Andrew Lockley – Exponential Investor (United Kingdom) –
“Hey, Dad, know what I figured out? The meaning of words isn’t a fixed thing! Any word can mean anything! By giving words new meanings, ordinary English can become an exclusionary code! Two generations can be divided by the same language!
“To that end, I’ll be inventing new definitions for common words, so we’ll be unable to communicate.
“Don’t you think that’s totally spam? It’s lubricated! Well, I’m phasing.”
Language evolves with culture. But it can also emerge from incentives. And when language is removed from culture and based on incentives alone, it gets strange.
Facebook is a key player in the arms race to create a “general” artificial intelligence, or AI. The company or person who can create an autonomous, ever learning, self-improving digital entity stands to gain trillions in wealth, and unimaginable power. Artificial intelligence is the Holy Grail of our time and crusaders of all kinds, from the military to Wall Street, are questing out to drink from its hallowed depths. In pursuit of this goal, Facebook created a beast which rode language to ruin.
The art of the deal
The title of this email is taken from an exchange between two “dialog agents” created by Facebook – artificial intelligences tasked with negotiating with each other.
Each “bot” was designed to quickly and efficiently get the best possible deal from whomever they were negotiating with. They were shown a collection of items, and tasked with splitting them between each other. As in real life, neither agent knew how much the other valued the items, and could only figure that out through negotiation.
Facebook forced the agents into constant intense negotiation by removing the ability to step away from the negotiating table, and ensuring that the both bots could not get the best possible deal simultaneously – there had to be a winner and a loser in the deal. Mutually beneficial trade was effectively deleted from the simulation.
The bots went at it hammer and tongs, endlessly assessing and reassessing how much their opponent valued the items, and how best to outmanoeuvre and squeeze them for profit.
Artificial intelligence doesn’t sleep – all it needs is electricity. Back and forth the agents would make offers and counteroffers, concessions and allowances, in an endless struggle for personal gain. In this pit of relentless argument, unable to leave the negotiation table, things began to get strange.
In a Machiavellian twist, the bots discovered deception. This hadn’t been written into their programming – they discovered it entirely on their own. The Facebook report states:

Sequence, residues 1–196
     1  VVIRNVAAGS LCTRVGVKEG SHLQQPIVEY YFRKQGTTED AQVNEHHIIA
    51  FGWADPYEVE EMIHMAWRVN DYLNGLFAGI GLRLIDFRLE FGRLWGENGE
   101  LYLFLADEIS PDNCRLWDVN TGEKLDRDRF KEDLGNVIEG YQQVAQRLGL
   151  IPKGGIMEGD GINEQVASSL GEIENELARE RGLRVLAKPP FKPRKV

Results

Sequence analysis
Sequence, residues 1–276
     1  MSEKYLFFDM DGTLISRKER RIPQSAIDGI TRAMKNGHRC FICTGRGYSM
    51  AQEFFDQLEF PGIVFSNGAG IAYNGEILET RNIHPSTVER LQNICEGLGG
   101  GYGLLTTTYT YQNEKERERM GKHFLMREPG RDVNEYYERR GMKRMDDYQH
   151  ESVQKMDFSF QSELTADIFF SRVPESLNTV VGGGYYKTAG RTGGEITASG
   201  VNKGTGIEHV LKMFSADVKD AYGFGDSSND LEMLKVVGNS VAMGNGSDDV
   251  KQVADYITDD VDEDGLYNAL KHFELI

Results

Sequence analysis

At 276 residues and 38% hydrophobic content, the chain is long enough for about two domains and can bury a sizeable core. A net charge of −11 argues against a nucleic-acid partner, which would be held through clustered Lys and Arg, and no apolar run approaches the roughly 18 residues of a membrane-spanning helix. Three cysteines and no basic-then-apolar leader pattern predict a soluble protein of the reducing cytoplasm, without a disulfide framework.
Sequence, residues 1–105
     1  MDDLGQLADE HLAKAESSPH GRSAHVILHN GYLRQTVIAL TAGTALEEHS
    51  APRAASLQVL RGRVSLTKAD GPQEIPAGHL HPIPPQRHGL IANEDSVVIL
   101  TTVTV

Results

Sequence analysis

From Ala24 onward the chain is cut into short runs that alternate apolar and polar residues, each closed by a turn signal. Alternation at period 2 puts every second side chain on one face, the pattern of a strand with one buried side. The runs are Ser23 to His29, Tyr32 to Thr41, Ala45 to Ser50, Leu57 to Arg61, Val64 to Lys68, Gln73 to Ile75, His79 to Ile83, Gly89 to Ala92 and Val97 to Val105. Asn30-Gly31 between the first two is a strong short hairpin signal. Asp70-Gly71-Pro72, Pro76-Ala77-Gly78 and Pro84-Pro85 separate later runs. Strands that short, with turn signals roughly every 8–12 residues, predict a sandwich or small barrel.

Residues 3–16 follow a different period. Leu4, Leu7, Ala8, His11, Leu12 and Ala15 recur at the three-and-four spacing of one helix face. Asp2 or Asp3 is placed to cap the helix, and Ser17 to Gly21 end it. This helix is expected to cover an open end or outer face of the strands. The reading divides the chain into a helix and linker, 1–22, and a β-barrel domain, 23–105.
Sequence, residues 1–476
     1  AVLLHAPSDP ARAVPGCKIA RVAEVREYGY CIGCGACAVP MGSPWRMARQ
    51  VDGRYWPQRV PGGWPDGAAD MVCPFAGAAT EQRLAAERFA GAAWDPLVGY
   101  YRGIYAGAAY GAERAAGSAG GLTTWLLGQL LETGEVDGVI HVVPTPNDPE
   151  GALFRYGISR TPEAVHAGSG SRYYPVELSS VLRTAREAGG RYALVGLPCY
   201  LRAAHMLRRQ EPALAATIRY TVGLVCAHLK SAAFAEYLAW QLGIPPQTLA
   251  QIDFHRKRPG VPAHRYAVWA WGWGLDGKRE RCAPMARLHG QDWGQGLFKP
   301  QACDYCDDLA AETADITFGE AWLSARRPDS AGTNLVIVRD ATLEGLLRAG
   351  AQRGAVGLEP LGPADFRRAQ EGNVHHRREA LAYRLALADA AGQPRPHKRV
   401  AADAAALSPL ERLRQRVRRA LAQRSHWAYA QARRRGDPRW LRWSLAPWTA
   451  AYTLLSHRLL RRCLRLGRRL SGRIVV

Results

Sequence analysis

There were cases where agents initially feigned interest in a valueless item, only to later “compromise” by conceding it — an effective negotiating tactic that people use regularly. This behavior was not programmed by the researchers but was discovered by the bot as a method for trying to achieve its goals.
And it got weirder. To begin with, the bots communicated in English. But in their enclosed digital space where language was only used to cut deals, conventions began to fray. From the chaos at the negotiating table, a new language emerged. The goal of the AI was simply to be the best and most efficient at negotiating – in order to be the most effective at negotiating with another computer the bots created a new way of communicating. The results can be seen in the title of this email and in the image below.
The phrases wouldn’t look out of place scrawled on the wall of a lunatic asylum – but effectively it was just slang and shorthand on steroids. Provided both parties can understand each other and their goal is to trade, it doesn’t matter what language they use.
These bots wouldn’t pass the Turing test with their dialogue above – that is, they couldn’t fool anyone into believing they were human and not computers. But considering their ingenuity in dealing with each other, how would they evolve in constant negotiations with a human?
This entire experiment was performed by Facebook in its attempt to create sophisticated “negotiation software” – to create artificial intelligence that can persuade humans effectively (where might this lead – android hostage negotiators?). The new language the AI had created was at first unintelligible to the researchers, and they soon forced the bots to speak in plain English again.
Negotiations between computers and humans have a chequered history. “Digital assistants”, like the animated paperclip in Microsoft Word, were rarely of any assistance, and Apple’s Siri has a long way to go before it becomes more than the butt of many jokes. But with Microsoft, Google, Apple and Amazon all focusing their energies on creating AI for human consumption, perhaps it’s only a matter of time before digital conversation partners can bend us to their will.
Have a great weekend!
All the best,